Web Exclusive: Hands-Free Speech
Starting July 1st, it will be illegal to use cell phones while driving unless you use a hands-free device. The fine? $67 for your first offense. With July around the corner, here are a few options that will keep you driving, chatting and ticket-free.
When it comes to hands-free equipment, your main decision is between a headset or a speakerphone system. (Whichever you pick, be sure to bring in your phone to ensure compatibility.)
Speakerphone systems are the best bet for mainly in-car usage.
Easily clipped unto your sun visor, a speakerphone will give a decent sound quality (if set on a medium-high sound level) and supports all the usual cell phone features (accept incoming calls, hang-up, use voice activation to redial, handle call waiting and dial numbers, all with noise reduction).
A little pricier than standard earpieces, speakerphones allow for greater comfort and, if you chose a Bluetooth model, are equipped with longer battery life (about 15 hours of continuous talk time and 800 hours of standby). Time to recharge? They can be plugged into a wall or into a car-jack and some are even solar powered (although five hours of direct sunlight will only yield about three to four hours of talk time).
The newer car kits also offer some nice options for mp3 players.
The ones with an FM transmitter will play your tunes through the car’s speakerphones or, if the FM connection is poor, through its own speakers. Jabra models will use the same technology for your calls and transmit them unto your car speakerphones.
Check out the BlueAnt’s Bluetooth Supertooth Light Bluetooth for $99.99 and Jabra In-Car Speakerphone with car transmitter, also for $99.99.
Need a more on-the-go product? Then a headset is your best option.
Available in two models, in-ear and around-the-ear, headsets tend to have a crisper connection than speakerphones. The slickest models use Bluetooth for a convenient wireless connection to your phone.
In-ear headsets come with three different sized ear bits (small, medium, large) to best fit your ear canal. For sanitary reasons, however, you won’t be able to try on the in-ear model, so be sure to ask about the store’s return policy.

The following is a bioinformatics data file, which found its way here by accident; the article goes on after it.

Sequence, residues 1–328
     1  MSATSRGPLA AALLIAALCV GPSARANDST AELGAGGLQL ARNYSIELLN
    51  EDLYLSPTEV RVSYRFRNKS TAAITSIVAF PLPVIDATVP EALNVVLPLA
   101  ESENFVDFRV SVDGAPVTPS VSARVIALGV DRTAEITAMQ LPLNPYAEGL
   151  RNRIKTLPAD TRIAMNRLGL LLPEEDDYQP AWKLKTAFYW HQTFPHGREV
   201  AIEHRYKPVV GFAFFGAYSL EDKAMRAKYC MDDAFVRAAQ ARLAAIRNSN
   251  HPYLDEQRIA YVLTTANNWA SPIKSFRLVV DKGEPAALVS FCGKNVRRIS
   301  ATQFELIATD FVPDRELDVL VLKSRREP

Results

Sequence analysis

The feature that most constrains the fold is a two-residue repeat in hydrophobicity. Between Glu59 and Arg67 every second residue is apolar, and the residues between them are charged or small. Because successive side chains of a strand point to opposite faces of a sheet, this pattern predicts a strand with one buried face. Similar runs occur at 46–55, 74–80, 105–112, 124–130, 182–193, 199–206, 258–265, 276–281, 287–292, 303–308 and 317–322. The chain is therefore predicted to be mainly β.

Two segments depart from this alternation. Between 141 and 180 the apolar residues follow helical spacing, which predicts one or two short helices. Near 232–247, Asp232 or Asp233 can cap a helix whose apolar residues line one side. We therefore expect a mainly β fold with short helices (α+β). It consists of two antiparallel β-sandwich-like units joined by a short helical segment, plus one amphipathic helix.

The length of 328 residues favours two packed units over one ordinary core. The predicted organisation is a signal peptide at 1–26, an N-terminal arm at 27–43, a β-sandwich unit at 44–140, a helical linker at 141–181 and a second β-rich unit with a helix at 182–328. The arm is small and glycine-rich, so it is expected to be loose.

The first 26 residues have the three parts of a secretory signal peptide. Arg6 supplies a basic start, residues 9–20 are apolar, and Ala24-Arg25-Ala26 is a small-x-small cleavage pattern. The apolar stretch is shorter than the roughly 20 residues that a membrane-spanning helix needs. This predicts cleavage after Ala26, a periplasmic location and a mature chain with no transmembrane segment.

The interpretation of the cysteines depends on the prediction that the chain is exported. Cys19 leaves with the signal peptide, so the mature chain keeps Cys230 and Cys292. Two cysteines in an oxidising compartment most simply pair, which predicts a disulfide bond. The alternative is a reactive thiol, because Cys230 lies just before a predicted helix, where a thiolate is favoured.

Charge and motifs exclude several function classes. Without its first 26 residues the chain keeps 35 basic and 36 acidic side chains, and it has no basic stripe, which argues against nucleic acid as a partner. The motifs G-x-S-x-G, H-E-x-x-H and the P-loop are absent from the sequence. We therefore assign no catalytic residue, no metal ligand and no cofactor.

A safer bet, the around-the-ear model comfortably fits most people and offers better support than its counterpart. If you plan on using the device more than three hours a day, opt for a soft silicone base rather than tough plastic. Wear sunglasses? Try your headset with them on as the two may overcrowd your ear and quickly become uncomfortable.
Affordable: Check out the Plantronics Voyager 835 for $69.99. This nifty model has a wind cancellation feature.
Cutting Edge: Check out the Jawbone Prime TM for $129.99. This military-grade audio system uses a sensor to identify and isolate your speech from any background noise.
But don’t rule out wired headsets quite yet.
After all, these nifty products are a much cheaper alternative to Bluetooth. Ranging from $6 to $26, wired headsets are also easier to use as they require no charging time.
If your cell phone is more than two or three years old, you choices are considerably slimmer.
Most older cell phones are not equipped with the Bluetooth protocol and have proprietary jacks which means that, for example, an LG cell phone will only accept LG headsets. Cell phones released within the past year, however, are compatible with standard headsets.
If you have an LG, Blackberry or Motorola, check out the Plantronics C90. A standard headset, it has an answer/end button along its cord and comes in a sleek black color.